Rovalpituzumab tesirine (Rova-T) is not effective against small-cell lung cancer (SCLC), four independent studies show. SCLC remains a difficult disease to treat, especially at the time of relapse.

Currently, topotecan is among the most effective treatments, but it is not the most desirable and favored drug in the second-line setting because of its toxicity profile. Still, it has been difficult for new agents to “beat” this drug in the second-line setting.

Several phase III clinical trials have failed to reveal improved survival over topotecan.

Early Rova-T Optimism

In 2017, clinicians were cautiously optimistic when Dr. Charles Rudin and colleagues published one of the first studies on rovalpituzumab tesirine in Lancet Oncology.

The first in-human phase 1 clinical trial with Rova-T elicited significant enthusiasm because of the efficacy results - 11 Of 60 assessable patients with pretreated SCLC who received an active dose of Rova-T achieved a confirmed response for an objective response rate (ORR) of 18%, tumors with high DLL3 expression (50% expression on tumor cells), the ORR was 38%. In a post hoc analysis, the ORR did not differ between those treated in the second- or third-line setting,

according to an editorial1 published in the Journal of Thoracic Oncology (JTO) accompanying the studies.

However, the four studies published in the JTO demonstrate that rovalpituzumab tesirine could not displace topotecan as an effective therapy for SCLC.

Inferior Overall Survival

In the first of the four studies2, lead author Dr. Fiona Blackhall, The University of Manchester, Manchester, United Kingdom, concluded that

compared with topotecan, which is the current standard second-line chemotherapy, Rova-T exhibited an inferior overall survival and higher rates of serosal effusions, photosensitivity reaction, and peripheral edema in patients with SCLC.

In the second study3 published in JTO, the researchers, led by Dr. Jyoti Malhotra, Rutgers Cancer Institute of New Jersey, found that

Despite encouraging antitumor activity in previously treated ES SCLC, combination therapy with Rova-T and nivolumab plus or minus ipilimumab was not well tolerated at the dose levels and administration schedules evaluated,

The third study4, led by Dr. Christine Hamm, Johns Hopkins Medical Center, Baltimore, Md., the researchers found that there was no clear efficacy benefit of adding Rova-T to chemotherapy and etoposide.

Finally, the fourth study5, by Dr. Melissa Johnson, from Sarah Cannon Research Institute in Nashville, Tenn., found that due to the lack of survival benefit in the Rova-T arm, the study did not meet its primary end point and was terminated early.

Future Focus

The editorial’s authors suggest three reasons why the therapy has not progressed passed stage I.

First, the Rova-T development strategy is an example of the dangers of moving directly from promising small phase I studies to large registrational phase III studies without confirming the safety and efficacy data in phase II studies.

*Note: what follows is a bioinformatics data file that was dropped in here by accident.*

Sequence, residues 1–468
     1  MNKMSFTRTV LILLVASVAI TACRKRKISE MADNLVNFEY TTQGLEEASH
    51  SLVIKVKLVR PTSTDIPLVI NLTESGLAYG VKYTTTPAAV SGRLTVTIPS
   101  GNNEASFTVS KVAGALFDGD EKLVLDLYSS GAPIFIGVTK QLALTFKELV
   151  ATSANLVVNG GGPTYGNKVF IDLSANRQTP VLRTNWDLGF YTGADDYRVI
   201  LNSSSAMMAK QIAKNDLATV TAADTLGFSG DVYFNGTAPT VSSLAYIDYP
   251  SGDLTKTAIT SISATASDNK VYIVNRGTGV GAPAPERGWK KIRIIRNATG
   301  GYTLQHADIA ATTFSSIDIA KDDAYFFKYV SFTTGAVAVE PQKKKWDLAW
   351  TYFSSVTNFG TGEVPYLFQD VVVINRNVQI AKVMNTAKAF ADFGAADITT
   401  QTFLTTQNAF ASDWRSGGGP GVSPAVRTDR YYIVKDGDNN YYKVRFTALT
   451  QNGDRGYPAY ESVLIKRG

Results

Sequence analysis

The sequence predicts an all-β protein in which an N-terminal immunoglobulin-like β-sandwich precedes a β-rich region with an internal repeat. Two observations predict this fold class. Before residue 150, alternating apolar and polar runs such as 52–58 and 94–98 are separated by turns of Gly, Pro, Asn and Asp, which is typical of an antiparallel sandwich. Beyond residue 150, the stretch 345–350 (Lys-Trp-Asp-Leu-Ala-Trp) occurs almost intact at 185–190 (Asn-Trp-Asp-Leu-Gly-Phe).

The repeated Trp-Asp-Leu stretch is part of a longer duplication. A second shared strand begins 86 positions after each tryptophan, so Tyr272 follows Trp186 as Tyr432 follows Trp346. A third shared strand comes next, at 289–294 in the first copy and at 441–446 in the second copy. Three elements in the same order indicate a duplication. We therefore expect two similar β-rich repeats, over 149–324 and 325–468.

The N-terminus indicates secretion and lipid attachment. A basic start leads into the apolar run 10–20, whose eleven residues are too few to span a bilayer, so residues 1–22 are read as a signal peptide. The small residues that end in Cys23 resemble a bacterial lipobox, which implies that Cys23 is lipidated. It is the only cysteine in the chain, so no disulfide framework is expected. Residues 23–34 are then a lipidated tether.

Second, Rova-T may not be an ideal antibody-drug conjugate. The safety and efficacy of antibody-drug conjugates depend on a number of factors, including the drug-antibody ratio, which is the average number of cytotoxic molecules attached to each antibody, the cytotoxic “payload,” in which there is invariably some diffusion of cytotoxin into the bloodstream and normal tissues and the linker, which links the payload to the antibody, must be stable to avoid significant release of the drug into the circulation.

Third, the failure of all the Rova-T trials begs the question of whether DLL3 is a valid target in SCLC.

The authors suggest that future studies should, therefore, focus on better understanding of disease biology and targeting treatment based on the new emerging molecular subtypes.

  1. Dipesh Uprety, Jordi Remon, Alex A. Adjei. All That Glitters Is Not Gold: The Story of Rovalpituzumab Tesirine in SCLC. Journal of Thoracic Oncology, 2021; 16 (9): 1429 ↩︎

  2. Fiona Blackhall, et al. Efficacy and Safety of Rovalpituzumab Tesirine Compared With Topotecan as Second-Line Therapy in DLL3-High SCLC: Results From the Phase 3 TAHOE Study. Journal of Thoracic Oncology, 2021; 16 (9): 1547 ↩︎

  3. Jyoti Malhotra, Petros Nikolinakos, Ticiana Leal, Jonathan Lehman, Daniel Morgensztern, Jyoti D. Patel, John M. Wrangle, Giuseppe Curigliano, Laurent Greillier, Melissa L. Johnson, Neal Ready, Gilles Robinet, Satwant Lally, David Maag, Ricardo Valenzuela, Vincent Blot, Benjamin Besse. A Phase 1–2 Study of Rovalpituzumab Tesirine in Combination With Nivolumab Plus or Minus Ipilimumab in Patients With Previously Treated Extensive-Stage SCLC. Journal of Thoracic Oncology, 2021; 16 (9): 1559 ↩︎

  4. Christine L. Hann, Timothy F. Burns, Afshin Dowlati, Daniel Morgensztern, Patrick J. Ward, Martina M. Koch, Chris Chen, Carrianne Ludwig, Maulik Patel, Halla Nimeiri, Philip Komarnitsky, D. Ross Camidge. A Phase 1 Study Evaluating Rovalpituzumab Tesirine in Frontline Treatment of Patients With Extensive-Stage SCLC. Journal of Thoracic Oncology, 2021; 16 (9): 1582 ↩︎

  5. Melissa L. Johnson, Zanete Zvirbule, Konstantin Laktionov, Aslaug Helland, Byoung Chul Cho, Vanesa Gutierrez, Benoît Colinet, Herve Lena, Martin Wolf, Maya Gottfried, Isamu Okamoto, Cor van der Leest, Patricia Rich, Jen-Yu Hung, Christina Appenzeller, Zhaowen Sun, David Maag, Yan Luo, Caroline Nickner, Alena Vajikova, Philip Komarnitsky, Jair Bar. Rovalpituzumab Tesirine as a Maintenance Therapy After First-Line Platinum-Based Chemotherapy in Patients With Extensive-Stage–SCLC: Results From the Phase 3 MERU Study. Journal of Thoracic Oncology, 2021; 16 (9): 1570 ↩︎

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